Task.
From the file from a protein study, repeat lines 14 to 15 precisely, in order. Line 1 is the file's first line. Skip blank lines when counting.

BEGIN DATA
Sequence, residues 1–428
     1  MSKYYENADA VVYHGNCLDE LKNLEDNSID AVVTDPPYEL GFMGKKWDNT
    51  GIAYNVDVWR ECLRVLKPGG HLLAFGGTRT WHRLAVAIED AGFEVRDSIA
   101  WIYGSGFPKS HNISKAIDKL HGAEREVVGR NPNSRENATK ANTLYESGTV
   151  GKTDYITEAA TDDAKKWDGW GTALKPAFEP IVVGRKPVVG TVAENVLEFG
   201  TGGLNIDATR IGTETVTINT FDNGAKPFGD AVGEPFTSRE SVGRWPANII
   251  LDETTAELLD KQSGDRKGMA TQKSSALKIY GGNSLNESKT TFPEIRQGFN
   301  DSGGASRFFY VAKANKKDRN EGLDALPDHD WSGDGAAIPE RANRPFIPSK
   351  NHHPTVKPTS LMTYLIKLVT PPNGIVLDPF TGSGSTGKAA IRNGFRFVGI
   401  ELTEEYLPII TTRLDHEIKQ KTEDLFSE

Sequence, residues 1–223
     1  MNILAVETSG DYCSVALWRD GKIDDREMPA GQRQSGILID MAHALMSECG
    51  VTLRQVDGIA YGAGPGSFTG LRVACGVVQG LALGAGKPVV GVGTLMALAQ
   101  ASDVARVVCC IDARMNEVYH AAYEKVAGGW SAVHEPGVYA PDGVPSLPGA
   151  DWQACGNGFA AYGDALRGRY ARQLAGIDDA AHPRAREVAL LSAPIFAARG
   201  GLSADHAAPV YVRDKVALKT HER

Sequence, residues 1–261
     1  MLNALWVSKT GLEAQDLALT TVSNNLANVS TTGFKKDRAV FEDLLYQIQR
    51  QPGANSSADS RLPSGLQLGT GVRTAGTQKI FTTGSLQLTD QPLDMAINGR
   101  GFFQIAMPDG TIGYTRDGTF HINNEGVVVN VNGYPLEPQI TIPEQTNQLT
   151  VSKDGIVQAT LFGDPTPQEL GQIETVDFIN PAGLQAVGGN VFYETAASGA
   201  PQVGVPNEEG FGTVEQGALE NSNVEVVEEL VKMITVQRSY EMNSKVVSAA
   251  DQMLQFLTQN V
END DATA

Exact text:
   101  ASDVARVVCC IDARMNEVYH AAYEKVAGGW SAVHEPGVYA PDGVPSLPGA
   151  DWQACGNGFA AYGDALRGRY ARQLAGIDDA AHPRAREVAL LSAPIFAARG